Jeep Jeep coming through

Junior Ally Leara rides her way to good times.


Cristina Zapata

Avid Jeeper Ally Leara counts her red ride as one of her crowning glories.

The temperature is high and dirt clouds the air as junior Ally Leara drives her way up the rocky mountain. She’s in for a bumpy ride.

If she had to choose, Leara would much rather explore Big Bear’s back countryside in her Jeep Wrangler Rubicon than cruise the streets in a car worth more than your college tuition. Two and a half years ago, Leara took interest in jeeping — a hobby that consists of off-roading in groups of Jeeps.

“We drive over ‘rock garden’ obstacles and there are spotters who guide us over the huge rocks and boulders and we explore the back country, usually Big Bear,” Leara said.

Ever since her father suggested the idea of jeeping to the family, Leara had dreamed of the moment when she would get her very own Jeep. Since she planned to use her new car for jeeping trips, there was much to do to enhance the standard Jeep.

“We gradually added fancy stuff onto it,” she said. “We raised it, added larger tires and more lights for the night rides. Turning your jeep into a true off-road vehicle alone can cost upwards to easily $100,000 there is a lot of preparation involved in jeeping. Everybody in the jeep community knows that Jeep stands for ‘Just Empty Every Pocket.’”

Leara remembers how challenging it was to learn how to handle the Jeep on her own in different off-road settings.

“First of all, I was a new driver and it’s very challenging and technical to go over the rocks and take the lines that your trail guide is directing you on the mountain trails,” she said. “When maneuvering over the obstacles, you have to use both feet and that requires a lot of control and patience because you are literally crawling over the rocks inch by inch.”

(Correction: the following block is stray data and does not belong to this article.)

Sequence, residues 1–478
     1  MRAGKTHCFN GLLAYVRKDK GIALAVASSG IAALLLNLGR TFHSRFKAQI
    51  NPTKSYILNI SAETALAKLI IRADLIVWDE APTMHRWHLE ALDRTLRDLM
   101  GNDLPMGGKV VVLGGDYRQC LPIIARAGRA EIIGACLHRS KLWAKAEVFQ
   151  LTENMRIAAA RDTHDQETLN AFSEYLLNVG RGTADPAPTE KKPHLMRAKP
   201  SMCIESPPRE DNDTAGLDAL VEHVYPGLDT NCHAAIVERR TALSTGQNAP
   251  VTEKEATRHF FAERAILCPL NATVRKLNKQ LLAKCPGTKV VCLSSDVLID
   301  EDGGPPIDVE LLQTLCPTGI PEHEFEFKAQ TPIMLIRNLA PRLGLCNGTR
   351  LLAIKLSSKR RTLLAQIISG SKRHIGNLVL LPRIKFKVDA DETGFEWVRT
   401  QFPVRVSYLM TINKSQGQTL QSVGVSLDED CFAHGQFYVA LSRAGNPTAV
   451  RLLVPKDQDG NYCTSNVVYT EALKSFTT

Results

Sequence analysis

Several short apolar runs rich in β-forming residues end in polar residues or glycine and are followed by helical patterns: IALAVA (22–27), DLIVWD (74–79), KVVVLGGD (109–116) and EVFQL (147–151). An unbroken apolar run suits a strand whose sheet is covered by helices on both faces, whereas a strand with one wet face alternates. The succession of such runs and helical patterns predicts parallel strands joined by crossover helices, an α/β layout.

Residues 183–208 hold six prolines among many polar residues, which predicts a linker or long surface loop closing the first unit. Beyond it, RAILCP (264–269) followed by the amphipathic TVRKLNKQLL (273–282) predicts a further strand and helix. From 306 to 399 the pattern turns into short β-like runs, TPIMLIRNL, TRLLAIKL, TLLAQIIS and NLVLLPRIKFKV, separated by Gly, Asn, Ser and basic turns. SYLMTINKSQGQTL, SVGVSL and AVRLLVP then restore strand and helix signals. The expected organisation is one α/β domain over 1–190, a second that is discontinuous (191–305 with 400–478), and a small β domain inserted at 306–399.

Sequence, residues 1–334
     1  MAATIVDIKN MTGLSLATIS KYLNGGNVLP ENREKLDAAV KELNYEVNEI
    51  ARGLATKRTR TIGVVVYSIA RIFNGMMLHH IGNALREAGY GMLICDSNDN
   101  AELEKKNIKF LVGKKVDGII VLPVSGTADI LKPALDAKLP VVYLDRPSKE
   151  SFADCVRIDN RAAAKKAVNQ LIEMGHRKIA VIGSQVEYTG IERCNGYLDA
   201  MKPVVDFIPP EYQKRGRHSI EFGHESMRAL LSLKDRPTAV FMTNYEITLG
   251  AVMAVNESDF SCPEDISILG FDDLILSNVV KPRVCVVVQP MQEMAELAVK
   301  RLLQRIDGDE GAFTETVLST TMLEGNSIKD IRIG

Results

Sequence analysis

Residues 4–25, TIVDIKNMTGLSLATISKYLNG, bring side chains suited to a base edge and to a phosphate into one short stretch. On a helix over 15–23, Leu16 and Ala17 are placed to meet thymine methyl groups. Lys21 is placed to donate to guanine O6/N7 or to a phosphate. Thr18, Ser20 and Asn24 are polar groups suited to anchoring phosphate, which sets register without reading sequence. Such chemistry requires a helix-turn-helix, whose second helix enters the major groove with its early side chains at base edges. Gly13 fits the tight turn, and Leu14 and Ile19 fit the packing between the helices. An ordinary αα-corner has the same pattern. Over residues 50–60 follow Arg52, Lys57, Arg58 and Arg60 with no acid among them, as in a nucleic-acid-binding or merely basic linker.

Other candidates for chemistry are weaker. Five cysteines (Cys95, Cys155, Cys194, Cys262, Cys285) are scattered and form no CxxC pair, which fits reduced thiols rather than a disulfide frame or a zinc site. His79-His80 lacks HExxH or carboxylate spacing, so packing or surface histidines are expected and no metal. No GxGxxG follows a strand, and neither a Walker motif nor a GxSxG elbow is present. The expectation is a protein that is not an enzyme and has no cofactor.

Before her first time jeeping, Leara was unsure about what to expect.

“My first night ride in Big Bear was scary because we only had the light from the moon and the jeeps on the trail,” she said. “This made it hard to see what kind of rocks we were crawling over and it was difficult trying to figure out which was the best line to take.”

Because her first time was successful, Leara hoped to make each time just as safe by always keeping in mind the dangers of jeeping.

“Rule number one for jeeping: never go alone,” she said. “When driving over obstacles, your jeep could easily tip and roll over. Night rides can be dangerous because you just rely on the lights from the jeeps and the trail guides guiding you. You also have a higher risk of breaking an axle or tearing a tire.”

Jeeping requires practice and patience. Since the car cannot exceed 5 mph, the adventure can seem long and strenuous to just about anybody. However, a dedicated jeeper like Leara will agree that the hard work is well worth it at the end of the day.

“The tiring part of it is forgotten as soon as I remember how cool it was to explore nature and just how breathtaking the overall trip was,” she said.

Even though nature’s beauty is an essential part of the journey, the memories Leara makes with her family and friends are her favorite part of the experience.

“One night ride was probably one of the most amazing experiences,” she said. “At around 1:45 a.m., the whole group of about 50 Jeeps stopped to take a break. We all had cookies and milk and when we looked up we were able to see the Milky Way. It was amazing!”

With her family by her side, jeeping has become more than just an adventure; it has given Leara the opportunity to share special moments with the people she loves most. As for the future, Leara plans to take her hobby along with her as she grows older.

“I think that being part of a jeeping family has made me love being in the outdoors even more than I already do,” she said. “It only makes me want to explore and try other fun off-roading experiences. I will definitely want to take my future family jeeping because the community is filled with a lot of really great people who are there to welcome you and help you learn the ropes of how to be a true jeeper.”